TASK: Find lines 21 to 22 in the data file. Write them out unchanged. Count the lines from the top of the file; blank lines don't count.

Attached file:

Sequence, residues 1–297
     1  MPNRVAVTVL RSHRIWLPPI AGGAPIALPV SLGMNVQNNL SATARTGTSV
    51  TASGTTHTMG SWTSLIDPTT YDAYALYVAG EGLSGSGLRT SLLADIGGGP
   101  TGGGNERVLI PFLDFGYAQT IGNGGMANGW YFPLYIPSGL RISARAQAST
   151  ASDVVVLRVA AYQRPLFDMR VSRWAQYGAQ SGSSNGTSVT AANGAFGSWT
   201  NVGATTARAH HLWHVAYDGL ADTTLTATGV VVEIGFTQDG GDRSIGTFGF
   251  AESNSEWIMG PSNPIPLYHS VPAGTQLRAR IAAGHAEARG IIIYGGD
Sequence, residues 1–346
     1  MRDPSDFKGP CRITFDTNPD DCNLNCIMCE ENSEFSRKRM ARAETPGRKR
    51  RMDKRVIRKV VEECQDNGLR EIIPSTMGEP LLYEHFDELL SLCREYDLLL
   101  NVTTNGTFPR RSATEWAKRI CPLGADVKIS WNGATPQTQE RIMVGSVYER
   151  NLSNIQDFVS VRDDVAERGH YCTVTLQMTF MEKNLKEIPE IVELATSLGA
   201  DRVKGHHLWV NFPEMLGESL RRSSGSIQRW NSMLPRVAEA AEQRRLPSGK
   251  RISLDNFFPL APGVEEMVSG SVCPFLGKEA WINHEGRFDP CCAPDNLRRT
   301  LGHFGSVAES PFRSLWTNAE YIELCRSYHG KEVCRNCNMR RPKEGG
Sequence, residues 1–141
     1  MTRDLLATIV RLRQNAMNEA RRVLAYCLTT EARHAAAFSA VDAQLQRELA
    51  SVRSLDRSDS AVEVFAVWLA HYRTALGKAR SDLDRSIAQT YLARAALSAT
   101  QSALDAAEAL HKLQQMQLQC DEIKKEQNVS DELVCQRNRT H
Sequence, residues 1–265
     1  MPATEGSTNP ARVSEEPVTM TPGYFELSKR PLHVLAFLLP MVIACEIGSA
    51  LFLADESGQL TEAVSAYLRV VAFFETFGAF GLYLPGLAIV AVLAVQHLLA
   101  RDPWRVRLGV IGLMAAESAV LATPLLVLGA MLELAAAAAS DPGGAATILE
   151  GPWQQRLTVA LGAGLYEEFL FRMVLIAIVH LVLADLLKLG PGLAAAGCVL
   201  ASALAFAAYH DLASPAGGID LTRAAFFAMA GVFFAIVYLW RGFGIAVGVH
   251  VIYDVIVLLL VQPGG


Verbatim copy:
     1  MPATEGSTNP ARVSEEPVTM TPGYFELSKR PLHVLAFLLP MVIACEIGSA
    51  LFLADESGQL TEAVSAYLRV VAFFETFGAF GLYLPGLAIV AVLAVQHLLA